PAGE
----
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Movie ReviewsRating: 5 of 5 yaps

The Tree of Life

“The Tree of Life” suffers from having been called a masterpiece too many times before anyone had the chance to see it.

Terrence Malick is a beloved filmmaker despite a reclusiveness that’s seen him make only a few films over 40 years, and “The Tree of Life” had plenty of rumors about the scope of its story and seemingly incongruous use of dinosaur visual effects. Anticipation grew when the beautiful trailer arrived, and it appeared at the Cannes Film Festival to glowing reviews — even picking up the Palme d’Or. It felt like the backlash was going to begin before the film was even shown to the public.

The problem is that the film is a masterpiece.

Here I am adding to the hype and misconstrued pretension. The reason why Malick’s film succeeds in being incredible is because it is pure. This is a deeply personal film that examines the search of God through moments in the life of a family. The film begins with them in panic. One of the three boys has died young. The parents (Brad Pitt and Jessica Chastain) are devastated, as they feel burdened by the silence of God.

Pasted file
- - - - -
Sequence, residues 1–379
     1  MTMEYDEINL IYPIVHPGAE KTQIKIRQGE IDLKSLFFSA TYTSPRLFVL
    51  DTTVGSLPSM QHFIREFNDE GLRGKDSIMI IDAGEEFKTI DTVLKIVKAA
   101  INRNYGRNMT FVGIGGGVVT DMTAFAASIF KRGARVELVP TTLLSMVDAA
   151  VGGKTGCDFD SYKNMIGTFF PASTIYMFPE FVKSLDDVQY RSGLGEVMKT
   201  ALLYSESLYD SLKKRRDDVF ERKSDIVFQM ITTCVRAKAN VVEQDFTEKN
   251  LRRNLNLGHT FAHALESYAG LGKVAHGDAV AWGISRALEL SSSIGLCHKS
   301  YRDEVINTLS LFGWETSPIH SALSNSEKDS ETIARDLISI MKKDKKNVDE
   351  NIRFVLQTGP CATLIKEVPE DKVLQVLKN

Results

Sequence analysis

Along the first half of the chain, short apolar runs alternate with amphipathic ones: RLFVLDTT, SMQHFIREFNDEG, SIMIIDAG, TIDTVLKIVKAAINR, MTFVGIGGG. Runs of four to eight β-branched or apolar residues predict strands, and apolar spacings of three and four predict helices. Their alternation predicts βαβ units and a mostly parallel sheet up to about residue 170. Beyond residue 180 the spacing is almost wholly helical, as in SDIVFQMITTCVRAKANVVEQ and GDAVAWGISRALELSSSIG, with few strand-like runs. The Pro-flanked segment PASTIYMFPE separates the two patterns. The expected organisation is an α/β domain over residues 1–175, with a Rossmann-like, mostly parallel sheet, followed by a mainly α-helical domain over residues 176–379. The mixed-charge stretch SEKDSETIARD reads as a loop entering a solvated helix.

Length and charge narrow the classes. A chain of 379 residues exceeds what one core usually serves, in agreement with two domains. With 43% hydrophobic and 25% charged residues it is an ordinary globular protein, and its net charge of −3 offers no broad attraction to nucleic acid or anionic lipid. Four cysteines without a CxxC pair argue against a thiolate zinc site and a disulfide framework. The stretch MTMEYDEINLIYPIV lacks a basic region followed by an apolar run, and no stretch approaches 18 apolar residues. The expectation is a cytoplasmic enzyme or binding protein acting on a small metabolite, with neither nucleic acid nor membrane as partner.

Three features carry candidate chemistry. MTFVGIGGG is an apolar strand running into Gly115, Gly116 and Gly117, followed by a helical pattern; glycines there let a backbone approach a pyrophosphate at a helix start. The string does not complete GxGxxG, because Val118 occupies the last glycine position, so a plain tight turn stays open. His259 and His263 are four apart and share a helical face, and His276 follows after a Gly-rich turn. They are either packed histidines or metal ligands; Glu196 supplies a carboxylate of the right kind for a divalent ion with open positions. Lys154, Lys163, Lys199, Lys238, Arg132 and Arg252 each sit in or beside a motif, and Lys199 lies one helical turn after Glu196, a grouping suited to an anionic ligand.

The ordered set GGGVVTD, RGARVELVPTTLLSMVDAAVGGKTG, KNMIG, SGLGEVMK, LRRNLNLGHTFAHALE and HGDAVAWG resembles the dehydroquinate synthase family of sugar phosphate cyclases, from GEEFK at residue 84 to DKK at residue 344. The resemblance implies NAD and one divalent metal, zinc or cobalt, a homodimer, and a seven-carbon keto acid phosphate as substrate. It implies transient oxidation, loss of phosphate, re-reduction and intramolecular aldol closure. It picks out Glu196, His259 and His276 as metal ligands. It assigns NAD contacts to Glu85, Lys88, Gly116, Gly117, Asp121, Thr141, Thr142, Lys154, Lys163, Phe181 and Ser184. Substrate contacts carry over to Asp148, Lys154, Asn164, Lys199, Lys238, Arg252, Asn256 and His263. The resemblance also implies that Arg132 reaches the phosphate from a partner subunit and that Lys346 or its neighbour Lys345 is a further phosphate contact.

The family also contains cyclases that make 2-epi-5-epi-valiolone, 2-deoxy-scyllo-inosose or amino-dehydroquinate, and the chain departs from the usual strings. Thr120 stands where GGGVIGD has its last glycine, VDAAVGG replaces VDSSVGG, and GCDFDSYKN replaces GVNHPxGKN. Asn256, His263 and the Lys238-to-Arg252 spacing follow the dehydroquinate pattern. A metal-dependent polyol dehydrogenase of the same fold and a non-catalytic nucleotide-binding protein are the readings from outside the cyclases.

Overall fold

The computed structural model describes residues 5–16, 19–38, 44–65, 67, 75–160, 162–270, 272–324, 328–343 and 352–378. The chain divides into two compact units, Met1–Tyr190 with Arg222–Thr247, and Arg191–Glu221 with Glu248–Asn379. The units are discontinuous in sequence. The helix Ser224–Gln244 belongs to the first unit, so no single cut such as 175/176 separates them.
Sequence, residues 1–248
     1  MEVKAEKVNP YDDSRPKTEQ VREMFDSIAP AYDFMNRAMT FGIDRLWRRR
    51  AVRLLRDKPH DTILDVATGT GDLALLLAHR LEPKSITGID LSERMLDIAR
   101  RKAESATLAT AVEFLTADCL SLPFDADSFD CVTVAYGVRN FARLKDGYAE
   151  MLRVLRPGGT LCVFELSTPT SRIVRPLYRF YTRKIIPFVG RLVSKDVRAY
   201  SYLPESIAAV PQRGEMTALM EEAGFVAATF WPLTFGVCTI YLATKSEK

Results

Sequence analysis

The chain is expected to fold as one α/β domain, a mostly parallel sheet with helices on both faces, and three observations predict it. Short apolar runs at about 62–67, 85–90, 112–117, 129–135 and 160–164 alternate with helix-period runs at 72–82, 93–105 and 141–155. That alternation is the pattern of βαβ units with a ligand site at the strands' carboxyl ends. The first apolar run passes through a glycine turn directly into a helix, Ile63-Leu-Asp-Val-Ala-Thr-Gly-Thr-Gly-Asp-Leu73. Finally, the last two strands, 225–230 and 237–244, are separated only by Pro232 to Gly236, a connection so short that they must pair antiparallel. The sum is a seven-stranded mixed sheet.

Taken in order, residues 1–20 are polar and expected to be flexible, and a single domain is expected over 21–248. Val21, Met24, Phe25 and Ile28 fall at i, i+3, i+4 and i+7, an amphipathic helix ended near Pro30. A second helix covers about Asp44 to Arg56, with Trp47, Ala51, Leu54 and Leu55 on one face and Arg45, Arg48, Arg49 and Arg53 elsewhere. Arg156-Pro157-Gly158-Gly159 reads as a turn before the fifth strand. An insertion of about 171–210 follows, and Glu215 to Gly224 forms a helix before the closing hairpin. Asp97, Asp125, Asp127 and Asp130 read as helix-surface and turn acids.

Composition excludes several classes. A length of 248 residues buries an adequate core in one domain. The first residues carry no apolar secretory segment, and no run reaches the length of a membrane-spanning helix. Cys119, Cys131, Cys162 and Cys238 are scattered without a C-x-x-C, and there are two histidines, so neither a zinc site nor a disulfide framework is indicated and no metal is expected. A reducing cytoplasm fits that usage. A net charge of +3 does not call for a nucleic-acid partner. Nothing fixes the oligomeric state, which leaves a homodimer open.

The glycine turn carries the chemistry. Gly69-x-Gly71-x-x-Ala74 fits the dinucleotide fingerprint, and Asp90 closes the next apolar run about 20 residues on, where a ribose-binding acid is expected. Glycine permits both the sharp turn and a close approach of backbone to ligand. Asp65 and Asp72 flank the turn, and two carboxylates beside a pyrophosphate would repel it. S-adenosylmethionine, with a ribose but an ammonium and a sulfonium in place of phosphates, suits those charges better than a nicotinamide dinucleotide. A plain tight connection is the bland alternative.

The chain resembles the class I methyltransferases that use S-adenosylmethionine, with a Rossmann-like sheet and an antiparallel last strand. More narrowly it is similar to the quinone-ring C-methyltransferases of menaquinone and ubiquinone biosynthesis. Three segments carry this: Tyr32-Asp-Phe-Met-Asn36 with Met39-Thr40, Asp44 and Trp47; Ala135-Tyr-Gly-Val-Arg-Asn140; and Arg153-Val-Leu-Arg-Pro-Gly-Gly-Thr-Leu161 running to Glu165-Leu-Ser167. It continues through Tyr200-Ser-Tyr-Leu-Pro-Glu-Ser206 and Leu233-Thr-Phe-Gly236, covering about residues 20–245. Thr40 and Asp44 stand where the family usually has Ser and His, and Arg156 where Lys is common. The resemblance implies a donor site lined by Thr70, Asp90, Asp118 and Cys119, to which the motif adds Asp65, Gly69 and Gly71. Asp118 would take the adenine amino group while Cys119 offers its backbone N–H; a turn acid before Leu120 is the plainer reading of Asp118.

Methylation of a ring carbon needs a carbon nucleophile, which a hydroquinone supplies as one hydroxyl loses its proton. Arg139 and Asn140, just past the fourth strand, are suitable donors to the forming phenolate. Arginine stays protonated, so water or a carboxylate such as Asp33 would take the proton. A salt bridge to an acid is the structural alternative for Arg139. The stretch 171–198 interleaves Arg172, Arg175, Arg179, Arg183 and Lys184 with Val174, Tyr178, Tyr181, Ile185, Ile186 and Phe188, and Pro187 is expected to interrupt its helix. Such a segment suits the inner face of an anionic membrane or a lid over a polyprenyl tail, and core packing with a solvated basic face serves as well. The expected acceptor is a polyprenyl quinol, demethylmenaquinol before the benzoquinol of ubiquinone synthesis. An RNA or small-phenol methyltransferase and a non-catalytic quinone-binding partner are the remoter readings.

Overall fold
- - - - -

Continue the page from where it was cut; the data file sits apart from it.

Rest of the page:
Tales of God usually have characters experiencing joy or anger. Malick understands the relationship is a mixture and both are depicted at levels intimate and cosmic. The questions shift as the film jumps around through time. Most of the time is spent when the sons are young, but eldest son Jack is also seen as a lost businessman (played in adulthood by Sean Penn). The film also depicts some of the most gorgeous moments of the universe as creation is shown.

Beauty is everything in the moment. It is used as an extension of God as moments become art. There is a portion where it is questioned whether there is a God and the film’s argues that the wonders of the world could not exist without a God. It’s a spiritual film but not one associated with specific religious symbols. Instead, the film is like a prayer — a whispered prayer.